Using the skyscraper curse, the Circa sportsbook opening could be signaling a peak in sports wagering or the end of Las Vegas’s glory days…
“This place is amazing,” gambler Steve Rogers from Tuscon told the Las Vegas Review-Journal. “If you’re into sports, this place is like Disneyland. That’s a wall of TV right there. I didn’t expect it to be this big.”
The “wall” Rogers refers to is the new Circa casino’s three-story, 78 million–pixel, high-definition screen. “We’ve been hearing about this place for a year so we had to come check it out,” said Paul Lopez, 27. “I’m impressed. This whole setup is amazing. It’s beautiful. It’s the best sportsbook I’ve been to.” Lopez, his cousin, and his uncle left Riverside, California, at 4 a.m. in order to be at Circa for the first NFL Sunday 10:00 a.m. kickoffs at the book.
Circa’s construction started in February 2019 after the land was purchased in 2015, before covid-19 and the devastating downturn of the Las Vegas tourism economy.
Similarly, the announcement of the coming Empire State Building was made in August 1929, just months before the October stock market crash. Construction began on the building in March 1930 and was completed in 1931, with the country in the midst of the Great Depression.
Dr. Mark Thornton has established a theoretical link between important changes in the economy and the building of record-breaking skyscrapers. While a sportsbook is no skyscraper, Derek Stevens has taken the sportsbook beyond the legendary sportsbooks which came before: the Stardust’s sportsbook, the Hilton’s, and now Westgate’s Superbook, which features “2 Brand New LED Displays with 4K resolution, 58.9 million pixels and more than 4,250 sq. ft. of digital space!”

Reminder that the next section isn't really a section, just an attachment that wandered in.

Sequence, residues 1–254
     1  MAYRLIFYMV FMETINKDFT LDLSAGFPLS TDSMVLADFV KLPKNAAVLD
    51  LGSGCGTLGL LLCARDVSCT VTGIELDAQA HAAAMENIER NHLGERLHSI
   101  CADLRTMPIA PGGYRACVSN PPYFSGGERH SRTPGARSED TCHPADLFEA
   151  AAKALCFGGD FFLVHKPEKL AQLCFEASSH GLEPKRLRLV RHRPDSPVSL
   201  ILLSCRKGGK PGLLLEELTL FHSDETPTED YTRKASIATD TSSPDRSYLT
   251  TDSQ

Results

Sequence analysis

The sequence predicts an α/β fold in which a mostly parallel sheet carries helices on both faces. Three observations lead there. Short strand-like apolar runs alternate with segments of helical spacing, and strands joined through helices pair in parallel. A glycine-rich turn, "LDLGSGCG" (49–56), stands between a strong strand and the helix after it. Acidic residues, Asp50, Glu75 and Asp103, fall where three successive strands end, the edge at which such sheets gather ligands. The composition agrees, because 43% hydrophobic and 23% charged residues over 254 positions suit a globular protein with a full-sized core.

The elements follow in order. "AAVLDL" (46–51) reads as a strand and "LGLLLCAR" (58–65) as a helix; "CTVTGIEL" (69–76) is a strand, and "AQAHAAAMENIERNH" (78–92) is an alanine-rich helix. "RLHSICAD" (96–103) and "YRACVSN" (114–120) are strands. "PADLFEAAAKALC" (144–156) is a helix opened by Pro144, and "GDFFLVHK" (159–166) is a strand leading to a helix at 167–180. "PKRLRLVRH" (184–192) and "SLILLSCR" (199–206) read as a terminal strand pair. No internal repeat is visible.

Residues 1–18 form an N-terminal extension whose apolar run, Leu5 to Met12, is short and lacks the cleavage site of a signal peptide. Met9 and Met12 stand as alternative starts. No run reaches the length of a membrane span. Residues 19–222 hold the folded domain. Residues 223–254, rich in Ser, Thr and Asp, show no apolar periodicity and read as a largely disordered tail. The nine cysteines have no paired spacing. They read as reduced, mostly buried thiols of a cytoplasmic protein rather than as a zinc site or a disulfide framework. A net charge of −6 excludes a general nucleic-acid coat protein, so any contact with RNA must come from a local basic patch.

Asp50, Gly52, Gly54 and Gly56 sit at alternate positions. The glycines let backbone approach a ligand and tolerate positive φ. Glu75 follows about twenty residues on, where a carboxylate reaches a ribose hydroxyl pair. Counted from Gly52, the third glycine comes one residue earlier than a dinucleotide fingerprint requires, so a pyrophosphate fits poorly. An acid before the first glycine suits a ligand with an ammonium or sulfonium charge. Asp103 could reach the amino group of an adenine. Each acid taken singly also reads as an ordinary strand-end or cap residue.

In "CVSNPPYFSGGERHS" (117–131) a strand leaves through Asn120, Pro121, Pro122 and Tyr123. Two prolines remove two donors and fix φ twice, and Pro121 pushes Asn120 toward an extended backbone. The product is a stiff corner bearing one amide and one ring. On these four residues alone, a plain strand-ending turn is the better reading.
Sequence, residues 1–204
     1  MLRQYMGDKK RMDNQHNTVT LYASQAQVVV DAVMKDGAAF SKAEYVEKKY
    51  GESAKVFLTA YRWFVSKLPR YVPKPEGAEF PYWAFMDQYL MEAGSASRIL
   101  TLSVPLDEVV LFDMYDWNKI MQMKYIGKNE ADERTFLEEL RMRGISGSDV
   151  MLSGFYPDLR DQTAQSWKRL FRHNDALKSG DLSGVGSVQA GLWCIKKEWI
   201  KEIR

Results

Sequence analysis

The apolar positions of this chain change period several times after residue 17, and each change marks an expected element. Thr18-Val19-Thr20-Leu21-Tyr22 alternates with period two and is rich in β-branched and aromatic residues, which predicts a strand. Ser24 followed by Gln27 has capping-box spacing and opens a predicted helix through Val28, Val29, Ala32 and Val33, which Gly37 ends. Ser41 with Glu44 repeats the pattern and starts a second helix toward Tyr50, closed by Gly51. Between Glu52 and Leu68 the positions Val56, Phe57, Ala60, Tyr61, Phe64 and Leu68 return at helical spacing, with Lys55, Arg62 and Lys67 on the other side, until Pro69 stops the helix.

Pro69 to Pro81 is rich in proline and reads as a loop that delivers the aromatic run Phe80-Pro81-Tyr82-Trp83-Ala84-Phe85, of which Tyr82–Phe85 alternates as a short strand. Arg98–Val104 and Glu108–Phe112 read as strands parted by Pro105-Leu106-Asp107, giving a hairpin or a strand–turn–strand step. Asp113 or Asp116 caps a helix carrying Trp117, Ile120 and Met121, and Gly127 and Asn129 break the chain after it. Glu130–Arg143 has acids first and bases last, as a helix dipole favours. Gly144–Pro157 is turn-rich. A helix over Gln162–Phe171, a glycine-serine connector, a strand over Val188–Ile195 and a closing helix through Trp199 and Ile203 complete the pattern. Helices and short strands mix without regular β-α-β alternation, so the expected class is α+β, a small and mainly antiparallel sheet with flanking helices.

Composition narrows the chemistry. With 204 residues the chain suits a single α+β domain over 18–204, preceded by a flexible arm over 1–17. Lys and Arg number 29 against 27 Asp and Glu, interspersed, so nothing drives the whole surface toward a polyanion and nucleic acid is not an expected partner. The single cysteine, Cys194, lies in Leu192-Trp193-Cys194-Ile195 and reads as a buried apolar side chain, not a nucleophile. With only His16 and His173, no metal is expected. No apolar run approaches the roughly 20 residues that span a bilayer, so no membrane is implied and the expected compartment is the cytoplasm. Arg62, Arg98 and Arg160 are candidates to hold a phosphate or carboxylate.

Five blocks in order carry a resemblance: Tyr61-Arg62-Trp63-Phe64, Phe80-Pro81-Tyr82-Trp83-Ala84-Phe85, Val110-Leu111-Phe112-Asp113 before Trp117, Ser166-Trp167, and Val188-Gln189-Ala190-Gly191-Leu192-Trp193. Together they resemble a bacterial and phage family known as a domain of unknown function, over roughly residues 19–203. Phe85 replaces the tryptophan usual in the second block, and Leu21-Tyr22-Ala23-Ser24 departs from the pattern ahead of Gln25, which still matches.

Writing about the Circa sportsbook, the Las Vegas Review-Journal’s Bailey Schultz points to the dichotomy between facility size and revenue: “Industry watchers say the glamorous new offering will put pressure on other properties to invest in their sportsbooks, even as the lion’s share of many sportsbooks’ revenue comes from online bets.”
Sports betting is all the rage, with some believing the “TAM,” or “total addressable market,” for the business is $30 billion. Nonsense, says Jim Chanos, president and founder of Kynikos Associates. Sports-betting revenue was just under $1 billion last year and will be $2 billion this year. Total gaming revenue was $80 billion and has been growing at 2 percent a year forever, essentially the inflation rate, according to Chanos. The belief that sports-betting revenue will grow to $30 billion is absurd.
Chanos points out that If Americans gambled like Brits or Aussies (the two most enthusiastic betting societies) sports-betting revenues might become $4 billion or $5 billion. However much sports betting revenues grow, it won’t be additive to gaming’s total revenues, according to the famous short seller. Instead, it will eat into the overall $80 billion gaming market. Chanos believes some bookies will be losing money five years from now, even during the oncoming growth phase.
During his interview on Hedgeye, Chanos pointed out the smallest, least attractive space in a casino is the sportsbook, because books make the least amount of money, earning 5–6 percent win as opposed to 13 percent for slots, and 9 percent for an entire property. Looking only at the numbers, Chanos told Hedgeeye’s Keith McCullough, “Sports betting is not a great business.” Chanos said it twice.